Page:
The 2016-2020 plan is the first top-level scheme to be proposed for the corridor, which has grown in popularity as firms seek shorter goods travel times, the National Development and Reform Commission (NDRC) said on its website. Local governments have launched rail services over 39 lines linking Chinese cities like Chongqing to destinations in Germany, Poland and the Netherlands, but Beijing this year moved to take control of the network, rebranding the trains and containers under the "China Railway Express" brand.

The NDRC said the network, seen as an alternative to shipping by sea or air, had been plagued with high costs, disorderly competition and a supply-demand imbalance, creating a need to strengthen regulation. The state planner would focus on developing three routes and 43 transit hubs on the network as well as improve the services and infrastructure, it said.

Russian Energy Minister Alexander Novak said on Wednesday that annual trade volume with Turkey would be increased to $3 billion. “We have a long way to go. We will use a variety of mechanisms for this,” Novak said at the opening of the 18th joint meeting of the Russia-Turkish Business Council in Istanbul.

He stated that setting up a positive issue regarding bilateral trade and economy with Turkey would be beneficial for both countries' future relations. Referring to the year-long crisis between Ankara and Moscow following a jet downing incident last year, the Russian minister admitted “our relations were restructuring incrementally”.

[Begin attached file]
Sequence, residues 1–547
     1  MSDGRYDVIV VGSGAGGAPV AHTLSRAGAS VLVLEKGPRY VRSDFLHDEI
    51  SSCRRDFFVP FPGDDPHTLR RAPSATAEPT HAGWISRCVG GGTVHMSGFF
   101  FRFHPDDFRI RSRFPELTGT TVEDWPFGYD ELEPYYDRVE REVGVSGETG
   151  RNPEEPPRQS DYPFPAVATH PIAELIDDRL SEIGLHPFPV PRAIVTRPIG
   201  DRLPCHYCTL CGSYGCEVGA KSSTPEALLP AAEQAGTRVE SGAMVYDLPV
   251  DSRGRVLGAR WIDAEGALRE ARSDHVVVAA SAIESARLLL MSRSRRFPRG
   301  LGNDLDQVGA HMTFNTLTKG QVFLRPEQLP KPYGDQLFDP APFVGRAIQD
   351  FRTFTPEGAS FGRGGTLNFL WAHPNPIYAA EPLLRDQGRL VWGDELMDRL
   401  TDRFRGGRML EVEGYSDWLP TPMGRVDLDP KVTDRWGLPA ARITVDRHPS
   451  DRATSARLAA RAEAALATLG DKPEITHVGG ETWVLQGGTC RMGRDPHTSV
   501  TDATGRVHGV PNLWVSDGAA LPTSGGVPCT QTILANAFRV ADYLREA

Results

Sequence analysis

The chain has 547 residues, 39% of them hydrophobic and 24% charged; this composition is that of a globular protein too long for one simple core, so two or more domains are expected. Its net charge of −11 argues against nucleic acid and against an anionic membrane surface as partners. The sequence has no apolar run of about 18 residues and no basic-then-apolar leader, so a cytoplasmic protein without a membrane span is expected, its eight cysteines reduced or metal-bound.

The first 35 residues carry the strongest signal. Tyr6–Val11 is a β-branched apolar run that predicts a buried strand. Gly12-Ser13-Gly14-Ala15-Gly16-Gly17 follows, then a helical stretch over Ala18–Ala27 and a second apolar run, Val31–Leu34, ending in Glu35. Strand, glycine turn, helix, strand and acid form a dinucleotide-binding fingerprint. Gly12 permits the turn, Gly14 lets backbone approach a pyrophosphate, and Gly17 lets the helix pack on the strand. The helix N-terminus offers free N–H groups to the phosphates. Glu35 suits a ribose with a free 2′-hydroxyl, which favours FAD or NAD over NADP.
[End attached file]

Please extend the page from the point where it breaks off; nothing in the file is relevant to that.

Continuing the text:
“[There will be] new agreements on cooperation in economy, culture and science sectors. We are developing our business in new technologies,” he said, adding that a commission for international cooperation would begin its work soon. Russia-Turkey relations seem to be back on the track as Russian President Vladimir Putin and Turkish President Recep Tayyip Erdoğan signed several agreements in Istanbul this week alongside the 23rd World Energy Congress. Both countries have shared a common view on the Syrian crisis, and stressed on an immediate solution for the humanitarian crisis.

Turkey and Russia could establish a joint venture to construct the second line of the Turkish Stream gas pipeline project, said Dr. Volkan Özdemir, head of the Institute for Energy Markets and Policies. Özdemir noted that there is no problem on the first line of the gas pipeline Project, as President Recep Tayyip Erdoğan and his Russian counterpart signed a deal to establish the line on Monday.

According to the agreement, the construction will start in 2017 and end in late 2019. The intergovernmental deal on the pipeline also envisioned the construction of two underwater legs in the Black Sea, with the annual capacity of 15.75 billion cubic meters each.

A Russian company will operate the offshore segment, while a Turkish company will run the onshore segment, he said.